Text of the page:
Indeed so. Two major invasions after the Romans left around 410 AD: Angles and Saxons, followed by the Vikings, both of whom settled in "England", led to several different kingdoms - Wessex, Mercia, Anglia, Northumbria (and that doesn't count the Celtic kingdoms like Cornwall and Wales). The fortunes of each waxed and waned until Athelstan united them (i.e. conquered them) in 927.<quoted text>you are a wealth of information and you tell the story well ....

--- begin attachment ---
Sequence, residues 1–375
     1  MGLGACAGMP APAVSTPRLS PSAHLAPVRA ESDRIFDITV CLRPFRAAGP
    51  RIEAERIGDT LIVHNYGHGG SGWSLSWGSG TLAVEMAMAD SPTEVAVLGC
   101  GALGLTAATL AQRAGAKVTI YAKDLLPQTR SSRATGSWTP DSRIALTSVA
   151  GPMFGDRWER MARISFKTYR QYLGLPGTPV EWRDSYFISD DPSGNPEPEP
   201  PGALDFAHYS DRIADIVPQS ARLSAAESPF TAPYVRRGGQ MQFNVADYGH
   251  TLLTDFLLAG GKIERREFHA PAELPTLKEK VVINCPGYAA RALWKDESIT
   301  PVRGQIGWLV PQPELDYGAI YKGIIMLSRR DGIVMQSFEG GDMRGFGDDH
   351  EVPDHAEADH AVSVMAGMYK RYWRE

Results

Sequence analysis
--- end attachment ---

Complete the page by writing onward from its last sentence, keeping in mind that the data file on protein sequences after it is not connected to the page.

SO england was not one day just proclaimed as a country?
It sounds like some effort went on for a long time to create some sort of unification of the neighbouring smaller kingdoms?
With the Norman invasion of 1066 (they were direct Viking descendants, William was Duke of Normandy, not King of France, which was Philip) and the subjugation of the country, we have a clear line that runs through (via Scotland, Holland and Germany) to the monarchs of today. Ironically, for three centuries after that invasion, the nobs spoke French, not English as language of choice.